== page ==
Author: Philipp Meyer
Provided Synopsis: Part epic of Texas, part classic coming-of-age story, part unflinching portrait of the bloody price of power, The Son is an utterly transporting novel that maps the legacy of violence in the American West through the lives of the McCulloughs, an ambitious family as resilient and dangerous as the land they claim.
Spring, 1849. The first male child born in the newly established Republic of Texas, Eli McCullough is thirteen years old when a marauding band of Comanche storm his homestead and brutally murder his mother and sister, taking him captive. Brave and clever, Eli quickly adapts to Comanche life, learning their ways and language, answering to a new name, carving a place as the chief’s adopted son, and waging war against their enemies, including white men-complicating his sense of loyalty and understanding of who he is. But when disease, starvation, and overwhelming numbers of armed Americans decimate the tribe, Eli finds himself alone. Neither white nor Indian, civilized or fully wild, he must carve a place for himself in a world in which he does not fully belong-a journey of adventure, tragedy, hardship, grit, and luck that reverberates in the lives of his progeny.
Intertwined with Eli’s story are those of his son, Peter, a man who bears the emotional cost of his father’s drive for power, and JA, Eli’s great-granddaughter, a woman who must fight hardened rivals to succeed in a man’s world.
Phillipp Meyer deftly explores how Eli’s ruthlessness and steely pragmatism transform subsequent generations of McCulloughs. Love, honor, children are sacrificed in the name of ambition, as the family becomes one of the richest powers in Texas, a ranching-and-oil dynasty of unsurpassed wealth and privilege. Yet, like all empires, the McCoulloughs must eventually face the consequences of their choices.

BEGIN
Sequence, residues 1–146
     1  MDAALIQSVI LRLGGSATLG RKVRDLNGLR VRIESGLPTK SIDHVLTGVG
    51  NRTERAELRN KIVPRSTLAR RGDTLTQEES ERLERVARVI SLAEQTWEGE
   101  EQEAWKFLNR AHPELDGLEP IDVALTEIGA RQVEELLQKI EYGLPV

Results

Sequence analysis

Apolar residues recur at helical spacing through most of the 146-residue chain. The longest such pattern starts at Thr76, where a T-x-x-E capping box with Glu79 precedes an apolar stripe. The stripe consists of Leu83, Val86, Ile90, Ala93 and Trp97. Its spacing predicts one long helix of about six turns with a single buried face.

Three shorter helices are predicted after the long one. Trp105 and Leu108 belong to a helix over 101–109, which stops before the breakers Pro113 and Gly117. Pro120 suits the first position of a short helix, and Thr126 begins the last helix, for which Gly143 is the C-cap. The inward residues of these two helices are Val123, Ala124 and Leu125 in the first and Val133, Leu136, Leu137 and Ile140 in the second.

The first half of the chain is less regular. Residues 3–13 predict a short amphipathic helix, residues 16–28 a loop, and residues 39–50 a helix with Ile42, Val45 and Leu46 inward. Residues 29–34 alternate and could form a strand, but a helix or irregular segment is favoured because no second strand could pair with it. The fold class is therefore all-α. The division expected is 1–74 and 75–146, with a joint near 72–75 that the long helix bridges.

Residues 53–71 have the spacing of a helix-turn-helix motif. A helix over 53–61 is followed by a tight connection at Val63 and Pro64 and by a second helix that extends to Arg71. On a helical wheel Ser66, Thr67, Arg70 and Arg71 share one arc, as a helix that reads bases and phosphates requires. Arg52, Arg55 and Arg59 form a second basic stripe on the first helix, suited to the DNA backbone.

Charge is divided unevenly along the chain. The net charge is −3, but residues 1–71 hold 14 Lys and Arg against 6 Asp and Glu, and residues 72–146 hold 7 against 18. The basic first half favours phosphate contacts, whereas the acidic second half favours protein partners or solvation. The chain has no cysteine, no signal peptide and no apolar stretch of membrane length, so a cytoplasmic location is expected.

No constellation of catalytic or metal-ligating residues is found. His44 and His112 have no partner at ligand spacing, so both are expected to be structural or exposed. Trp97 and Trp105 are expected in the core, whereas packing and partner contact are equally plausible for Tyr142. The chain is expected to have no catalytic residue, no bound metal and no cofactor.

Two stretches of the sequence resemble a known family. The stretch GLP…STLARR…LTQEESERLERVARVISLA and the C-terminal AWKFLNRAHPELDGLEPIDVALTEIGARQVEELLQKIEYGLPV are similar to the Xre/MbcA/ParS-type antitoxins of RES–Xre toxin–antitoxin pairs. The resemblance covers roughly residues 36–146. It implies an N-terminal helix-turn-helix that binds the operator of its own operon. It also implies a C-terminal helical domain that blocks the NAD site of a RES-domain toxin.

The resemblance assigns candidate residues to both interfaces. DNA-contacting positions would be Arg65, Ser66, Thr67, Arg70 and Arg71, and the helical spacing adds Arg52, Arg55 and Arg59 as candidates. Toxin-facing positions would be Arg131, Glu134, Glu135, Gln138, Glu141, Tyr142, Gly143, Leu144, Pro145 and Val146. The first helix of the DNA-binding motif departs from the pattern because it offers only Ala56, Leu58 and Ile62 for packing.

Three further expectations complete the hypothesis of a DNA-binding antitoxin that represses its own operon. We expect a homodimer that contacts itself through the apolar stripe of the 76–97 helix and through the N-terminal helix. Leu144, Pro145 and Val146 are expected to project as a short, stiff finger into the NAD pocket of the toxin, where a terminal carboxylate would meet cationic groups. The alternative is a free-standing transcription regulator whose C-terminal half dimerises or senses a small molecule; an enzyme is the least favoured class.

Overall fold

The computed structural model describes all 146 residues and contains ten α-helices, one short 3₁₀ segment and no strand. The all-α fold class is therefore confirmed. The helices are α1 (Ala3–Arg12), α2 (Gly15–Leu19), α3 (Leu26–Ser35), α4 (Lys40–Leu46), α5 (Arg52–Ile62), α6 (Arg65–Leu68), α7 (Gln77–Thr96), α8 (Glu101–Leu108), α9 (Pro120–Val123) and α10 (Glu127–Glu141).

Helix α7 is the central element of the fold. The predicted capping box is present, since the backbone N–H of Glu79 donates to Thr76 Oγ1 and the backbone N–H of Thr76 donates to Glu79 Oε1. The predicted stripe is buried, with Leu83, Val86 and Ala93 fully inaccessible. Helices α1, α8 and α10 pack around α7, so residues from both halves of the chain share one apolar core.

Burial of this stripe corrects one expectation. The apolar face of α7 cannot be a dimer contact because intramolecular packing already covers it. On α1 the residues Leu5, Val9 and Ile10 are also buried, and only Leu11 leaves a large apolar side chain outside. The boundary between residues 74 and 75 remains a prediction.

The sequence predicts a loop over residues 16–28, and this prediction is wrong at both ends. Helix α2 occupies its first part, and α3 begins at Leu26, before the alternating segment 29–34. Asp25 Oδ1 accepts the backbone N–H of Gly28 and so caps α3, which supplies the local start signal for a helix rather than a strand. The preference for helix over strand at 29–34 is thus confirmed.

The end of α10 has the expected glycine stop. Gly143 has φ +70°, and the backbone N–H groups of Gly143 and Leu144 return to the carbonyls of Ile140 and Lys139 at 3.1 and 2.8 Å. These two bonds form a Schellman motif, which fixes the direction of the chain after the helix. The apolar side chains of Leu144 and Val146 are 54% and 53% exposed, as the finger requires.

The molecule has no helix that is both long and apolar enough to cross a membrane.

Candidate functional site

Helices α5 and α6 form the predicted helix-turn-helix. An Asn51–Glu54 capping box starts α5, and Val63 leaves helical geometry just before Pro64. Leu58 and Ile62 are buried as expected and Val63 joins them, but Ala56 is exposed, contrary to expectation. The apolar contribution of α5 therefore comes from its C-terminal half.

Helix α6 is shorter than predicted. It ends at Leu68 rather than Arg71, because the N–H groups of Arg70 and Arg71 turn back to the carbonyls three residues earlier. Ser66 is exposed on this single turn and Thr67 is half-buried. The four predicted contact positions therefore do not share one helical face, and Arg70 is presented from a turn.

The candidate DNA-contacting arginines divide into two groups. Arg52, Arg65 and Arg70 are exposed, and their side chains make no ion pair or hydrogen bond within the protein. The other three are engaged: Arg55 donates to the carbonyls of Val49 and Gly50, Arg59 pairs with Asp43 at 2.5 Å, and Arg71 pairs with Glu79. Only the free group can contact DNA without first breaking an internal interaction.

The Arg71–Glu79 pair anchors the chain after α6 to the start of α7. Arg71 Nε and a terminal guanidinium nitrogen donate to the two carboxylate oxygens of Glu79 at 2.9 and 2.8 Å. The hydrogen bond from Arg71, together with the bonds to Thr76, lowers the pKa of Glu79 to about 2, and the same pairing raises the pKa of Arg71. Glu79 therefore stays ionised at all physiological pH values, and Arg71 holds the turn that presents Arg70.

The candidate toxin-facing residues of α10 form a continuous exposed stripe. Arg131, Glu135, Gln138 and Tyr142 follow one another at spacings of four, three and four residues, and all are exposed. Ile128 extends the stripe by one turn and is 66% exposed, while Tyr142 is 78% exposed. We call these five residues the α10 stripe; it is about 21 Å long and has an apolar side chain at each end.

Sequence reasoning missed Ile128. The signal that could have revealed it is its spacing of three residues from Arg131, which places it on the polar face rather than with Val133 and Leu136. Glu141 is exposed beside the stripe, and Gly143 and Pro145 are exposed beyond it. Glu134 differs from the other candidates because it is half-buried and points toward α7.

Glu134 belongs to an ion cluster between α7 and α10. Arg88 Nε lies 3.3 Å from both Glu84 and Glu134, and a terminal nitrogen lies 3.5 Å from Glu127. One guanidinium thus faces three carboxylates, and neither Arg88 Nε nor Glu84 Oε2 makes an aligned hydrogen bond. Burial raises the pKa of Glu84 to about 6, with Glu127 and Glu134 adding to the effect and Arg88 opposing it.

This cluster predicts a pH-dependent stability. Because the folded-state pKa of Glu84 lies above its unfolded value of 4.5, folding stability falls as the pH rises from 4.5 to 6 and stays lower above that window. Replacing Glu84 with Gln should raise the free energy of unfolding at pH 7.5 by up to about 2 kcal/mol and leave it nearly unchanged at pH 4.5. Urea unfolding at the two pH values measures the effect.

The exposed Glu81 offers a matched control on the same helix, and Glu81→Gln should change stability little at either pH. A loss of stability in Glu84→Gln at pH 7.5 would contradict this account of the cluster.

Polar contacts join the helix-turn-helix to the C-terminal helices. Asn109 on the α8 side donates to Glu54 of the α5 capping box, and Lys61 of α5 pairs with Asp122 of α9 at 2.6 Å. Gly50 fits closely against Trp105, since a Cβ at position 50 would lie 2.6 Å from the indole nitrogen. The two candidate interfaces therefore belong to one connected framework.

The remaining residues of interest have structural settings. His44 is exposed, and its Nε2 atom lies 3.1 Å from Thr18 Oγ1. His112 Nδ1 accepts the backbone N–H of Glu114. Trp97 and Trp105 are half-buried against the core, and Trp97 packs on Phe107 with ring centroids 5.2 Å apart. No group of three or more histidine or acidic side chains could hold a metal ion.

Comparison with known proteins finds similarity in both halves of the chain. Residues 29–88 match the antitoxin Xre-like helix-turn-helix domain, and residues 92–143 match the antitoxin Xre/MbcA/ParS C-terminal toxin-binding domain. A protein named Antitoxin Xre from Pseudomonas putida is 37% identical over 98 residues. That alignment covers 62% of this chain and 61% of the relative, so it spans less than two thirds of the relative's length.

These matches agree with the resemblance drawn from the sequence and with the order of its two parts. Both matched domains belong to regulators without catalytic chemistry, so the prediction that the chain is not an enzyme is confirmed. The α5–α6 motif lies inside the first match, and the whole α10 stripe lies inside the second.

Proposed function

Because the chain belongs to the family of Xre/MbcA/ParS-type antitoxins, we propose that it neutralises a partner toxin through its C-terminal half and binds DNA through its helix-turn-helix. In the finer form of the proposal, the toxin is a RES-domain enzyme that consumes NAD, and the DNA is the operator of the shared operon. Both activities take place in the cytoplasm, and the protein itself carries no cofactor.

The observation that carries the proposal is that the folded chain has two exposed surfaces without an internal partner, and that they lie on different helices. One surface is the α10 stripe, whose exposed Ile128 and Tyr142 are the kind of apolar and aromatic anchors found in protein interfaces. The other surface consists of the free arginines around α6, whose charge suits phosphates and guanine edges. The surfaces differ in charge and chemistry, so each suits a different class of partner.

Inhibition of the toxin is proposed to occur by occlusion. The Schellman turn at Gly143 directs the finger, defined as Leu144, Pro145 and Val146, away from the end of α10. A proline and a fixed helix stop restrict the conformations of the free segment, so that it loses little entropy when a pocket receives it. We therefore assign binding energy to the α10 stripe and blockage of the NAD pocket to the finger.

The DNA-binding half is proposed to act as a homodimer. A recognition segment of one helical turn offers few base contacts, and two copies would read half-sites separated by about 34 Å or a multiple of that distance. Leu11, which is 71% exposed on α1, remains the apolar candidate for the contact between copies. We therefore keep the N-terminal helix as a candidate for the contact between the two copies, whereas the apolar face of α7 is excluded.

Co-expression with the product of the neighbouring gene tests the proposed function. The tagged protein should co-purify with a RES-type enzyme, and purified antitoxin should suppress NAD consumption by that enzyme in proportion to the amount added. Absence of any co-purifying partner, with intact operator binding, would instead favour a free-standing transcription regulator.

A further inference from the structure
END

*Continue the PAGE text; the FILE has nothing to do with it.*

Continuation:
Review: I never thought that I would enjoy a book about Texas, but there is something about this story that compels you to keep turning the pages. Philipp Meyer is a wonderful storyteller with a gift of making his characters and his settings come alive. From the moment the Comanche raid, burn, kill and then kidnap Eli McCullough I was transfixed upon this story. The way that it delves into Eli’s immersion into Comanche tribes and customs was fascinating and so well done. Part of me wished that the story had only focused upon that storyline simply because I could never get enough of it.
But then something very interesting happened: then I became transfixed upon another character. Peter McCullough is Eli’s son, and the novel also includes his journal entries. Through this narrative technique the reader is able to see how Eli’s actions have shaped the family and the way they think about wealth. Peter constantly feels guilt for the actions that his family (led by his father) takes in terms of keeping wealth, land, and power in Texas. Eli teaches the McCulloughs to have their own interpretation of justice as long as it comes to benefit them — an ideal he learns from his times with the Indians. The times were brutal and Meyer never shies away from showing how cruel people could be to their neighbors and kin.
On the other spectrum, we are given a third storyline from the perspective of Peter’s granddaughter. She spent her early years being in awe of Eli, which has caused her to be the continuation of his legacy and ideals of doing all that you can to maintain the family’s wealth. Unlike Peter, she feels no guilt over the lengths that the family will travel to; instead, she seems to be an empty shell of a person that knows nothing other than to feel a constant want to wield power.
I would recommend everyone to give this novel a try. You may think that it is not something that would spark your interest, but I believe that you will wind up being surprised by how immersed you become in the story.